300 billion dollars. That’s how much Amazon is estimated to have generated in sales last year. With such dizzying sales numbers, it’s hardly a surprise that competition among merchants jockeying to get their cut is fierce—and many are willing to resort to unclean means to get an edge. The newest ploy to manipulate Amazon: product “giveaways” as a means of receiving a coveted “bestseller badge.” Today, OMR is breaking down the trick and bringing examples.

If you head to Amazon to search for a product—which many do; according to PwC over half of all product searches in the US and our home market of Germany begin on Bezos’ behemoth—the sheer number of products on offer is staggering. Which of the hundreds or thousands of products listed is the one for me? One of the beloved methods among consumers for paring down the selection is to take a look at the bestsellers in each product category. Thousands of Amazon customers cannot have been wrong.

The social proof is in the badge

Amazon introduced the best-seller rank as a means of indicating how often a certain product has been sold compared to competitors in the same category. The top-selling product is listed as number 1. The second most-purchased product is number 2 and so on. There are two ways of finding the best-selling products in a category on Amazon. First, there is a menu option on the home page, prominently displayed next to “All” at the top of the page, which is then further broken down into specific product categories and subcategories. for example, if you are looking for a hair dryer, but you don’t know which model or brand you want, you can click “Best Sellers,” then “Beauty,” “Hair Care,” “Styling Tools,” “Hair Dryers and accessories” and finally “Hair Dryers.”

Current best-selling hair dryers on Amazon (Screenshot of Amazon.de by OMR)

The other means of promoting best sellers on the platform is to appear in the search results as “Best Seller” and adding “Best Seller No. 1” to the product description page. This very visible social proof not only presents the product in a very convincing light, but also figures to lead to a significant uptick in sales.

The #1 Best Seller badge as seen on an Amazon product description page. (Screenshot of Amazon.de by OMR)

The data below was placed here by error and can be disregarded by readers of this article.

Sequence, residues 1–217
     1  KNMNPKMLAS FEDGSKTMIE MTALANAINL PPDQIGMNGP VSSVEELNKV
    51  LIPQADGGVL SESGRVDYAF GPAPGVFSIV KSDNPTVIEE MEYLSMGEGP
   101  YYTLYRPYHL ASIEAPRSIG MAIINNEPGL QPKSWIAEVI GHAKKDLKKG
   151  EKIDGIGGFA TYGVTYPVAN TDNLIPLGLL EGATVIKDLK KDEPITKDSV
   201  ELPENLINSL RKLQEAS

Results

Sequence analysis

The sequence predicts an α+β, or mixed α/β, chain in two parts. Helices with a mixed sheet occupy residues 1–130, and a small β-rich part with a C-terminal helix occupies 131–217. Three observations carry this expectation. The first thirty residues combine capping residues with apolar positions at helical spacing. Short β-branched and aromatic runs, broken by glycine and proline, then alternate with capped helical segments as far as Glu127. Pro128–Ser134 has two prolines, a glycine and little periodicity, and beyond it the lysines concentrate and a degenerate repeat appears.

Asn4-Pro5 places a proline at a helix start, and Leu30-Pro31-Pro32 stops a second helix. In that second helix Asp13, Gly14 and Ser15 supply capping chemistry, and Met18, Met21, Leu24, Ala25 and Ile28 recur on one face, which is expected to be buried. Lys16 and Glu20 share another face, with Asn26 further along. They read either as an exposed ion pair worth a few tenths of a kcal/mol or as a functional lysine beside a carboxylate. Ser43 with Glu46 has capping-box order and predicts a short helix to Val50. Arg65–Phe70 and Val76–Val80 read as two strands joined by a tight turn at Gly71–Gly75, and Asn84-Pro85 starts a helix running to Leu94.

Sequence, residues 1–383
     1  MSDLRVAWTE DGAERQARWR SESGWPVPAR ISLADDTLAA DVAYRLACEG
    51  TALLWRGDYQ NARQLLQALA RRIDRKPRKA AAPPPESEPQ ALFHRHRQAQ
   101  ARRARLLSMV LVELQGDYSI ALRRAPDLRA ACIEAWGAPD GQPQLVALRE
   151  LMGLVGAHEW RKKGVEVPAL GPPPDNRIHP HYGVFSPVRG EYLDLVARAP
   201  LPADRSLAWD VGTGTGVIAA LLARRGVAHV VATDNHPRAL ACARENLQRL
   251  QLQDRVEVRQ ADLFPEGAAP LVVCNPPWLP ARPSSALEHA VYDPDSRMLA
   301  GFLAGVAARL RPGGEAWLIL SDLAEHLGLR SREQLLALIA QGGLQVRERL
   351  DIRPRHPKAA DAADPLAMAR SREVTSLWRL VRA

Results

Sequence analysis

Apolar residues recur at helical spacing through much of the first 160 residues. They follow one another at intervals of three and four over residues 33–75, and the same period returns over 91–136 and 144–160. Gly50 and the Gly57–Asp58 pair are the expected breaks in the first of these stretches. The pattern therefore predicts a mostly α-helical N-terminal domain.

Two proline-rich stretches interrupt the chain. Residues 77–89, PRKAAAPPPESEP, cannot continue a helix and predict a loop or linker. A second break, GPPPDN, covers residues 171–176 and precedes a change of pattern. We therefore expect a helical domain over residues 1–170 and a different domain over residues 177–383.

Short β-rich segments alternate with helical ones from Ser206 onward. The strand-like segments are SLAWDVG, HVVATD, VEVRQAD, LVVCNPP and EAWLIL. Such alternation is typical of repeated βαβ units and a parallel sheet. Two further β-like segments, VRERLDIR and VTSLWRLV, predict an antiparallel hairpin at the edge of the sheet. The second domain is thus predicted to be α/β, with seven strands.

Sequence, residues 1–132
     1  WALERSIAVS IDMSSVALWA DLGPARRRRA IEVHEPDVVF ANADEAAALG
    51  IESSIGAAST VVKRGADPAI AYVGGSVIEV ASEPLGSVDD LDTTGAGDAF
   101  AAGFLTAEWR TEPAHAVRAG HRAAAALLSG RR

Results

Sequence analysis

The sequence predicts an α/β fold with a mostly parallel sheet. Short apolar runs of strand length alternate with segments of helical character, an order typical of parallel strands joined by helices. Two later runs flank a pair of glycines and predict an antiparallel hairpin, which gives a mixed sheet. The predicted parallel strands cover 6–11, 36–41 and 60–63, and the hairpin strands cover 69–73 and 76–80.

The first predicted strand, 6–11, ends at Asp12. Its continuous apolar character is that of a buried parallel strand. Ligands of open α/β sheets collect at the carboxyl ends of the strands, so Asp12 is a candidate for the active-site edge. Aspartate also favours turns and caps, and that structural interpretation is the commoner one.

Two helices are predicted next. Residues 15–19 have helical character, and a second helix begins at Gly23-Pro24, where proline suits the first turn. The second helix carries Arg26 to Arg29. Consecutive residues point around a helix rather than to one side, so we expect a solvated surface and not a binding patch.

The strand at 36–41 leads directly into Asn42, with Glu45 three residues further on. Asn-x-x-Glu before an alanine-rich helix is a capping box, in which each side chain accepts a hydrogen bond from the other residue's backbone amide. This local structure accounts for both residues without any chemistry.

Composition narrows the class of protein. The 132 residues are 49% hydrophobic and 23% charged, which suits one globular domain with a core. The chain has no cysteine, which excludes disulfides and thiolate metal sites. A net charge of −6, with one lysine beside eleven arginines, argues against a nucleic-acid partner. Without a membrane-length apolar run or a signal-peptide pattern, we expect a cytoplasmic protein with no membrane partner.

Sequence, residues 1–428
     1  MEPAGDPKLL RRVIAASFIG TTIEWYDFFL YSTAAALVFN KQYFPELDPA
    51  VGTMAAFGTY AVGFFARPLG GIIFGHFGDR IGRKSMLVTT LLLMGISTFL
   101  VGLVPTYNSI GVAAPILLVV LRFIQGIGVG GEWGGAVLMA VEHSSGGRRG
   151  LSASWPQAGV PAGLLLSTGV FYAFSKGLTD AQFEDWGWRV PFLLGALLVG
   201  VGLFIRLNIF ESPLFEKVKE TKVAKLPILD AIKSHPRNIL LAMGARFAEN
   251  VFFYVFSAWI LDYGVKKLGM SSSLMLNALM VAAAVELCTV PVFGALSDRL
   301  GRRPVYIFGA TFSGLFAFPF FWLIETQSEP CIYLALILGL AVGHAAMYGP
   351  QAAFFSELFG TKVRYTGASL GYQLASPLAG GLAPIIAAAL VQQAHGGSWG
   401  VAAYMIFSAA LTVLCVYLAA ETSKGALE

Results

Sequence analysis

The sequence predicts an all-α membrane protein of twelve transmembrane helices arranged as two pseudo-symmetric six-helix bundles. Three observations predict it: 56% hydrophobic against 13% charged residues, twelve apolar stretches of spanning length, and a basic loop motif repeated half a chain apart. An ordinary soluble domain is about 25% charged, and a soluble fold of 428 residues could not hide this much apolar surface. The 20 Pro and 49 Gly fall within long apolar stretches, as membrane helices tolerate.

“It can create a significant sales push”

The best-seller badge is a very coveted item for Amazon merchants. “The best-seller badge can have a significant impact on sales,” Hannes Detjen, co-founder of Amazon agency Remazing, told OMR. “Just how big the uplift is, depends on the specific product and the respective category.”

Regarding a possible boost in visibility for merchants from the badge, Detjen sees more of an indirect impact. “The products that receive the badge are already those that are purchased most frequently in a given category. Ranking high in the search results is dependent on other factors, including which search term is used. That being said, products which are already generating frequent sales, the badge does make it easier to further increase visibility in the search results.”

“I decided to dig deeper”

Crafty merchants on the US Amazon marketplace have figured out a way to get the badge without actually earning it:

  1. Merchants or their associates post coupons in social media forums (typically in Facebook discount groups, which can have several thousand members) that give users the product for free.
  2. These coupons help merchant generate a massive amount of “sales” quickly, which propel them to the top of the best-seller ranks.
  3. By acquiring the “Best Seller” badge in a given subcategory, merchants are able to generate numerous organic purchases.
  4. Each “sale” that users actually didn’t pay for is simply cancelled.

One of the first people to find out about the ploy was Amazon merchant Paulius Kvedaras. “I noticed one of the products like this in the category I sell and decided to dig deeper,” Kvedaras told OMR in a chat on Facebook Messenger. “It’s insane to achieve best-seller status so quickly.” Originally from Lithuania, Kvedaras sells sports articles on the US and German Amazon marketplaces, including compression bandages and socks, masks, etc.

Ein Nachtsichtgerät auf Amazon.com, deklariert als "Bestseller Nr. 1" (Screenshot: Paulius Kvedaras)

Night-vision goggles Amazon.com, listed as “#1 Best Seller” (screenshot from Paulius Kvedaras)

From 20,000th to Top-10 overnight

Kvedaras took the screenshot above to document the find, which apparently comes from a Chinese merchant on Amazon US for night vision goggles. In April and May of this year, the listing repeatedly yo-yo’d in the “Sports & Outdoor” subcategory from a spot somewhere between 15,000 and 20,000 (i.e. very rarely sold ) to the Top-10. In the “Night Vision Binoculars & Googles” category, the listing even reached the top spot, which earned it the best-seller badge.

Diese Grafik aus dem Amazon-Analytics-Tool Keepa zeigt, dass das Nachtsichtgerät immer wieder im Bestseller Rank plötzlich in die Höhe schoss und dann wieder abfiel. Offenbar hat der Seller es immer wieder, wenn es im Ranking abfiel, durch "Verschenk-Aktionen" gepusht (Screenshot: Paulius Kvedaras)